Sunday, April 11

Taxman targets banks for free logo use by subsidiaries

MUMBAI: The tax department has started issuing notices to banks that allow subsidiaries, such as mutual fund and insurance units, to use their logos for free. The tax department wants the banks to pay 18% GST on the “deemed” value of such transactions and has even calculated how much these are worth, said people with knowledge of the matter.

State Bank of India, Citibank, ICICI Bank, Bank of Baroda, Kotak Mahindra Bank and others have received show-cause notices or are being scrutinised and could soon be getting them, said people with direct knowledge of the matter. Subsidiaries use logos for the promotion of related products with the understanding — sometimes included in a contract — that no fees have to be paid. The tax department says these are “related party transactions” and hence should be subjected to valuation regulations as per the GST framework.

This follows banks being asked last year to cough up taxes on services provided free to customers.

The department has arrived at a value for such transactions and imposed GST on that.

Citibank declined to comment. SBI, ICICI, HDFC Bank, Kotak Mahindra Bank and Bank of Baroda did not respond to queries. Axis Bank and Yes Bank denied having received any such notice.

The banks that have got the notices have to reply by March end. None of them has done so yet, according to the people cited above.

Tax experts said nothing under the GST framework is considered free. Everything has a value and hence tax has to be paid on the amount.

Under GST, a “supply of brand” is deemed to have taken place from the bank to the subsidiary, which are related parties, an expert said. Logos and trademarks are licensed by the bank that holds them to its subsidiaries. This didn’t attract attention previously because there were no regulations that dealt with free supply of services between related parties, experts said.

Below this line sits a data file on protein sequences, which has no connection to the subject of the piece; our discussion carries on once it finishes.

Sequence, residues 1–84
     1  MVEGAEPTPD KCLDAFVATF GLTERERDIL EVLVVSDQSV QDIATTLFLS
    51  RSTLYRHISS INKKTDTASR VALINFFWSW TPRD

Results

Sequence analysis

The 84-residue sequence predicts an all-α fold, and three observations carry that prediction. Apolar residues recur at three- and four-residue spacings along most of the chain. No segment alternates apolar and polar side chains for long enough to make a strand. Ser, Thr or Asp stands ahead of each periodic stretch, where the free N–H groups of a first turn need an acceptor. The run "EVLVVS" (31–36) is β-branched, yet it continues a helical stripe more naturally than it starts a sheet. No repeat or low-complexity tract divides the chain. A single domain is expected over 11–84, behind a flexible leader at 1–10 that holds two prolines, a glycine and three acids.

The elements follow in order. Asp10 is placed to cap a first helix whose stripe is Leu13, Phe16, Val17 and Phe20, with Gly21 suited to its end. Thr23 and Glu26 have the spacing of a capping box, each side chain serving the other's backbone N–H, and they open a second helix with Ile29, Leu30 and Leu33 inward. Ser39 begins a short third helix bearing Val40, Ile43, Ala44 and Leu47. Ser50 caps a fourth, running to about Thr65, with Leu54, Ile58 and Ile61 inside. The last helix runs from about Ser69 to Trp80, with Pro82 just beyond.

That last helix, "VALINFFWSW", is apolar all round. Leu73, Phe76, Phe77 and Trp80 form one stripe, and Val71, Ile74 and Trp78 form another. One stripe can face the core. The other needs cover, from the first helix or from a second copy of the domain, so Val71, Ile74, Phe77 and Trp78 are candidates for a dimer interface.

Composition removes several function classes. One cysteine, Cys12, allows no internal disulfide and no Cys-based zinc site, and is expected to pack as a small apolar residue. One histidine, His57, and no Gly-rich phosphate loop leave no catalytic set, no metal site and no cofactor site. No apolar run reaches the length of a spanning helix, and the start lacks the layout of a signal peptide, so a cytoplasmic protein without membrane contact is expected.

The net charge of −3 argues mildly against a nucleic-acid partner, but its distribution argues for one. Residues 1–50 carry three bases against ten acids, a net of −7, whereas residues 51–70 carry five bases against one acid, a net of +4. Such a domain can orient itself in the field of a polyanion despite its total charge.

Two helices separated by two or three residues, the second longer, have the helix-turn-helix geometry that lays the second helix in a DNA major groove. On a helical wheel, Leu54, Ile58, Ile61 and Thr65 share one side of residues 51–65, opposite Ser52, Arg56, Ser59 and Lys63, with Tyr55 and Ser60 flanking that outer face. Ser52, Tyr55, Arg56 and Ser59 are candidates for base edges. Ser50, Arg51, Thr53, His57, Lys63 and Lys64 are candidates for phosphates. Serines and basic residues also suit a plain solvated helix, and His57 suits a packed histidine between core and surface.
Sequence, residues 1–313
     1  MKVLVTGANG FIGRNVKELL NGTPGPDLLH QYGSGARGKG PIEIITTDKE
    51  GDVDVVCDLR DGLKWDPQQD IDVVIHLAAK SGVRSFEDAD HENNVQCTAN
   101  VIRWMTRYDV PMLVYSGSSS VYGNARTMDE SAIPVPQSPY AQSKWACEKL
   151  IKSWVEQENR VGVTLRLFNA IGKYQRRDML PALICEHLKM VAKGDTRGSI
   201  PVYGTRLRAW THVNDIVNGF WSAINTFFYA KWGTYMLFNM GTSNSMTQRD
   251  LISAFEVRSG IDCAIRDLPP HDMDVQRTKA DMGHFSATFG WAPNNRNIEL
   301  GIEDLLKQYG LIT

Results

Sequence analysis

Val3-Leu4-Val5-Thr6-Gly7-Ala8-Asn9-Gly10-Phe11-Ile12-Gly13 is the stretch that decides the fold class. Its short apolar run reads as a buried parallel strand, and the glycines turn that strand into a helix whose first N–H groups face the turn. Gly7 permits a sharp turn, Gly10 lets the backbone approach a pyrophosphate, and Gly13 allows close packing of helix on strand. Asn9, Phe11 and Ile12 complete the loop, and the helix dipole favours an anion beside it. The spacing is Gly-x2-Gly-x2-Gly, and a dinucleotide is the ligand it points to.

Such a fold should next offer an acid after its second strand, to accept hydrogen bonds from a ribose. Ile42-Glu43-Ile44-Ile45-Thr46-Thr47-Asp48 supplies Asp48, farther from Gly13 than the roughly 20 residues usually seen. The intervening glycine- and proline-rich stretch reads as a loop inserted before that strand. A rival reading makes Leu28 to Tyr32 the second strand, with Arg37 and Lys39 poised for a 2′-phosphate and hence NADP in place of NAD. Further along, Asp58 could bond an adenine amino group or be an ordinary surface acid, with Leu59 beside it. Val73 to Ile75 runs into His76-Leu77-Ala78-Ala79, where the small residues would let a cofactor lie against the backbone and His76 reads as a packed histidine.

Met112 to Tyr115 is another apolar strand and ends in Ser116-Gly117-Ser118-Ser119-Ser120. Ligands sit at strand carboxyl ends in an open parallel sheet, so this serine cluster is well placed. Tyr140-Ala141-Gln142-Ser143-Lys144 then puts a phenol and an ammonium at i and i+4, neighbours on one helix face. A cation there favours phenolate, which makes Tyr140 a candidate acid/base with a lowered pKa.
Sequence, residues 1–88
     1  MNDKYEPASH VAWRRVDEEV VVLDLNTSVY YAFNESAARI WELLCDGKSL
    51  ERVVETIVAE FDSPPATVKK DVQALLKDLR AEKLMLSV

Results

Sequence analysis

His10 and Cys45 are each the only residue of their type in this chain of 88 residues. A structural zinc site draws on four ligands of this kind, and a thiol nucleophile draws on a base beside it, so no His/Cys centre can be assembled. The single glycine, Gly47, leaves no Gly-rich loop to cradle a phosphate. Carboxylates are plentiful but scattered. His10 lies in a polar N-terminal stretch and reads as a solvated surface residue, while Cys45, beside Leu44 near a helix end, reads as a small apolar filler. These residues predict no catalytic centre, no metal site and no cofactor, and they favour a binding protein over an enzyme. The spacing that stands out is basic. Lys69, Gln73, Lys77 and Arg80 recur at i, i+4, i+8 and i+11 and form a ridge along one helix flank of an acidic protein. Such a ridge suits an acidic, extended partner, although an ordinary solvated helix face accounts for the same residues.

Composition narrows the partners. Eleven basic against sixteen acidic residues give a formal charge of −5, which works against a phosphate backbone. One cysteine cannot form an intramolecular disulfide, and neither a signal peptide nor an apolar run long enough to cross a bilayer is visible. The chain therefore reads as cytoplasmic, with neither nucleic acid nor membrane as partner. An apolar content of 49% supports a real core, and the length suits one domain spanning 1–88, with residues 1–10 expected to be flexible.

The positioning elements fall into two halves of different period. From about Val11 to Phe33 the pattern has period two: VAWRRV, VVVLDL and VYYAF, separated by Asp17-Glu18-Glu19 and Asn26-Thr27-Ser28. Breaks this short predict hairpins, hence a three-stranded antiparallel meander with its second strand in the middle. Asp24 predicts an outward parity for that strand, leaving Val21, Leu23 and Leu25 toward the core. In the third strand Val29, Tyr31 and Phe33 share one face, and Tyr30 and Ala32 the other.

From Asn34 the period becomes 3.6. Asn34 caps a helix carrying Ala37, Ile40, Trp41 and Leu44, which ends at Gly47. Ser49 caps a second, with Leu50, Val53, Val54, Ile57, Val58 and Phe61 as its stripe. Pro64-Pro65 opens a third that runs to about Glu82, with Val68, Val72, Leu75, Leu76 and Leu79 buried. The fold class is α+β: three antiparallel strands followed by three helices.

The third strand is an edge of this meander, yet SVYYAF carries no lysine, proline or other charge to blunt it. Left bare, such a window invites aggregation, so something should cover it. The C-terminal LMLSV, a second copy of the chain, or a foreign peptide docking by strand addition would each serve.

“The critical aspect to be considered is whether there is a supply and if there is a supply — only then — consider the valuation of the supply,” said Uday Pimprikar, partner, tax and regulatory services, EY India. “Having said this, it needs to be appreciated that neither service tax legislation or state VAT (value added tax) legislation contained conditions that mandated an arm’s length pricing of supplies between related parties — this was on account of the extreme difficulty in complying with such provisions as also administrating the same.”

The incremental revenue on this count would be nominal in the overall scheme of things, he said, adding that the government should consider simplifying the valuation rules.

“As receipt of consideration was a prerequisite for an activity to qualify as a service, taxability of free-of-cost services was not an issue in the erstwhile service tax regime,” said Mekhla Anand, partner, Cyril Amarchand Mangaldas. “However, the GST regime contemplates tax on free supplies between related parties.”

Banks may not be able to claim input tax credit on this count.

“Where the GST paid is available as a pass-through, there are no concerns. However, this may create disruptions where credit cannot be offset in its entirety by the recipient,” said Anand.

This is the second big issue banks are facing with the indirect tax department. In notices served in April last year, all banks were asked to pay service tax, penalties and interest on free services offered to customers. The demand was retrospective with a 12% service tax claimed since 2012, 18% interest on the amount and a 100% penalty. This issue could also come to haunt the banks again under the GST regime, say tax experts.

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